Rosendo Rodriguez III, 38, is scheduled to be executed in Texas after being found guilty of capital murder in the 2005 death of Summer Baldwin, 29, who was pregnant at the time
A Texas man who admitted he killed a 10-week pregnant woman and then stuffed her body in a suitcase will be executed on Tuesday.
Rosendo Rodriguez III, 38, of San Antonio, Texas, is set for execution for the 2005 slaying of Summer Baldwin, 29, who was 10 weeks pregnant when she died. Rodriguez’s execution, scheduled for after 6pm Tuesday, comes the day after his birthday.
Rodriguez became known as Lubbock, Texas’ ‘suitcase killer,’ after killing Baldwin and, later, admitting to having murdered Lubbock high school student Joanna Rogers, 16.
An employee at the Lubbock city landfill spotted a brand-new piece of luggage amid the mountain of trash, opened the suitcase and discovered Baldwin’s beaten naked body stuffed inside.
Detectives used a barcode label sewn to the luggage to establish it was purchased a day earlier at a Walmart. Debit card records and store surveillance video identified the buyer as Rodriguez, a Marine reservist from San Antonio, Texas, who’d been in Lubbock for training that included martial arts combat.
Rogers’ mummified remains were found, like Baldwin’s, inside a suitcase at the city garbage dump. The 16-year-old disappeared from her home in May 2004 and had been missing for more than a year by the time Rodriguez confessed to slaying her.
Court records show Rodriguez was linked to at least five other sexual assaults, as well.
Rodriguez was found guilty of capital murder in Baldwin’s case in 2008.
Rodriguez, a Marine reservist from San Antonio, Texas, was in Lubbock, Texas, for training at the time when he admitted to killing Baldwin at a hotel after he said they had consensual sex
Rodriguez’s attorneys appealed to the US Supreme Court on Monday, after lower courts rejected appeals to delay his execution on March 19
Lubbock County District Attorney Matt Powell, who prosecuted Rodriguez, described him Monday as ‘very cold-blooded and very calculated.’
‘What kind of person does that, just throws them out like the morning trash?’ Powell said.
Rodriguez would be the fourth Texas inmate executed this year and the seventh nationally.
Attorneys for Rodriguez appealed Monday to the U.S. Supreme Court as their ‘last hope’ after lower courts rejected appeals that focused on the medical examiner who testified about Baldwin’s autopsy at his trial.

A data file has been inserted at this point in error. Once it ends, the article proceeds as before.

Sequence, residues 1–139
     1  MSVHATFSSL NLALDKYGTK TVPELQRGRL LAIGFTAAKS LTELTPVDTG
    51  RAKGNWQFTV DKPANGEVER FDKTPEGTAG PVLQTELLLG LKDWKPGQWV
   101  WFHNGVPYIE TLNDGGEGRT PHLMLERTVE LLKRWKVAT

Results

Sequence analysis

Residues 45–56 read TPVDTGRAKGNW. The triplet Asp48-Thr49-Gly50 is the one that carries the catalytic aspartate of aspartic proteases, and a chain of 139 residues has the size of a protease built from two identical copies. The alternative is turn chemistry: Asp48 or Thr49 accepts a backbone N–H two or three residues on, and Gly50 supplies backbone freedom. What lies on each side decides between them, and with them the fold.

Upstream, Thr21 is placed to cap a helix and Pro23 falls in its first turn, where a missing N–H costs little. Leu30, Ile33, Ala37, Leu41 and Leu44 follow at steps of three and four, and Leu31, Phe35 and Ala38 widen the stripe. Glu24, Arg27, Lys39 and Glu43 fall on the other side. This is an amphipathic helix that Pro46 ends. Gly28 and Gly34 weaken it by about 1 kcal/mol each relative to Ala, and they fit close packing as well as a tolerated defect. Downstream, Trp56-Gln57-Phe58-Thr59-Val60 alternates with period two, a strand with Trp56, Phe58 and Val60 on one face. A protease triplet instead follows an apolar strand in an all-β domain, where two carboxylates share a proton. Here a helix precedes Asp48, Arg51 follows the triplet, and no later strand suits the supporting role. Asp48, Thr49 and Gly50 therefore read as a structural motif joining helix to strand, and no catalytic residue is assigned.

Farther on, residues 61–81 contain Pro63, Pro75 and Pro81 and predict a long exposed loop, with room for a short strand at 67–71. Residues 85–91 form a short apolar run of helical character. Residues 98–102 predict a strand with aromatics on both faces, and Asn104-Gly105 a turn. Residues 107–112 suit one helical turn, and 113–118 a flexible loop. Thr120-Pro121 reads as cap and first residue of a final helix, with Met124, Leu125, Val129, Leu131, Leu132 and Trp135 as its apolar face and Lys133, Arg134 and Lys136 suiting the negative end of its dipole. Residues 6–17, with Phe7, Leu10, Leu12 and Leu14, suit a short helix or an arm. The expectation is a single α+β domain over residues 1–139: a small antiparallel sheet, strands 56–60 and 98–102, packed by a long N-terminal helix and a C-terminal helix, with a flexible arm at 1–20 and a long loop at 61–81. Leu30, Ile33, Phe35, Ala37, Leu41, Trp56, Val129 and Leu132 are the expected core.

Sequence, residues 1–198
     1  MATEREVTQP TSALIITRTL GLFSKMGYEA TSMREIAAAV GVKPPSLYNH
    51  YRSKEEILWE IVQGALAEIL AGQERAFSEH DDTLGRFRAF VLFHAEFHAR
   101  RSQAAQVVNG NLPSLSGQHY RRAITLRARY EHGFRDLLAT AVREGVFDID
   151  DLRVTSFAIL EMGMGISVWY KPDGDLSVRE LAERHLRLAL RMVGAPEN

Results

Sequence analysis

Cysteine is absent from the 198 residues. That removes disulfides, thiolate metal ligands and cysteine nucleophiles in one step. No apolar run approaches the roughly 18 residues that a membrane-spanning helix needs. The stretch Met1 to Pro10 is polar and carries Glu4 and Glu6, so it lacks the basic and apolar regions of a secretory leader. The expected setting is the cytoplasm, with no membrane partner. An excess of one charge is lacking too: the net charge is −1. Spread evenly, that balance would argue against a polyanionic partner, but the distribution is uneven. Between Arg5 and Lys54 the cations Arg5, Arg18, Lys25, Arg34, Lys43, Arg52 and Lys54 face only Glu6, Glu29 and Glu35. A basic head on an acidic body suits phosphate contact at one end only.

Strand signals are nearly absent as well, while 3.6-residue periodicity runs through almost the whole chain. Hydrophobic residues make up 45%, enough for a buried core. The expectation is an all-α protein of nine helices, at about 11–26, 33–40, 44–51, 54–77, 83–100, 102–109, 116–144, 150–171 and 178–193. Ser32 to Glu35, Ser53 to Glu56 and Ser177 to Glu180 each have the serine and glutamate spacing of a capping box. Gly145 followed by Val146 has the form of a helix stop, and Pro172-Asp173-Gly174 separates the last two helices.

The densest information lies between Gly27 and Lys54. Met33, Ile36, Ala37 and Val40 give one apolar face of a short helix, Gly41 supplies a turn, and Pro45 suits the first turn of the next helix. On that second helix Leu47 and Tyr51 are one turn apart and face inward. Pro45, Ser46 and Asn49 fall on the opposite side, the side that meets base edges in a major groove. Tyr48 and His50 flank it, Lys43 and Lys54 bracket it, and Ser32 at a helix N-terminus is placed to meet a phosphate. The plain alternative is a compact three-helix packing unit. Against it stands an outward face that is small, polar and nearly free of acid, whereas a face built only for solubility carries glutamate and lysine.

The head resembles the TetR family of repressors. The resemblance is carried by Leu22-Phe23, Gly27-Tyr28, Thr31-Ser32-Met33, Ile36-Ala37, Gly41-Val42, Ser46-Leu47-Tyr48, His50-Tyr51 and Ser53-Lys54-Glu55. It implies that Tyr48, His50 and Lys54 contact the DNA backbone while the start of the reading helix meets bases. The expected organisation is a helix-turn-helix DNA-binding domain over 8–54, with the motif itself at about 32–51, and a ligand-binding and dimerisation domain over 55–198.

Rodriguez’s lawyers said the coroner recently settled a whistleblower lawsuit, previously unknown to them, that alleged he delegated some duties to unqualified underlings. The lawsuit ‘bears directly on the credibility and admissibility of the medical examiner’s testimony in this case,’ attorney Seth Kretzer said.
Baldwin, 29, was 10 weeks pregnant at the time of her death. Court records describe Baldwin, the mother of four, as a prostitute. She’d served jail time in Lubbock for a drug conviction
Rodriguez admitted to murdering Lubbock high school student Joanna Rogers, 16, who went missing in 2004. Authorities said that they had met online in a chat room
Assistant Texas Attorney General Tomee Heining said Rodriguez’s appeals were ‘nothing more than a last-ditch effort’ that were improper, untimely and meritless.
The settlement involving a dismissed former employee, who didn’t start work until five years after Rodriguez went to trial, included a statement that there was no reason to question the scientific validity of findings or opinions made by the medical examiner’s office. Court records show the medical examiner personally conducted Baldwin’s autopsy.
Rodriguez was arrested at his parents’ home in San Antonio days after Baldwin’s body was discovered.
Court records describe Baldwin, the mother of four, as a prostitute. She’d served jail time in Lubbock for a drug conviction.
Three weeks after his arrest, Rodriguez gave Lubbock police a statement saying he killed Baldwin in self-defense when she pulled a knife on him after the two had consensual sex on September 12, 2005, at a hotel room.
Investigators tracked Rodriguez’s debit card transactions and found surveillance footage of him buying and walking out of a Walmart with a black suitcase that was identical to the one that was found in the landfill containing Baldwin’s body, KCBD reported.
Rodriguez’s debit card activity also led investigators to a possible crime scene — he had used a debit card to withdraw $22 at an ATM inside a Holiday Inn the night before he appeared to have purchased the suitcase.
Testimony at his 2008 trial showed she had about 50 blunt force wounds and may have been alive when she was folded into the suitcase and tossed into a trash bin.
The contents of the bin subsequently wound up at the city dump. Defense attorneys suggested a trash compactor could have killed her.
Jurors who convicted him of capital murder heard during the trial’s punishment phase from five women, including his high school girlfriend, who testified he raped them. Jurors also heard about his confession to killing Rogers, the 16-year-old Lubbock girl who evidence showed he initially met in an online chat room.
Prosecutors decided to seek the death penalty after Rodriguez scuttled a deal where he’d plead guilty to killing Baldwin and the teenager in exchange for a life prison term.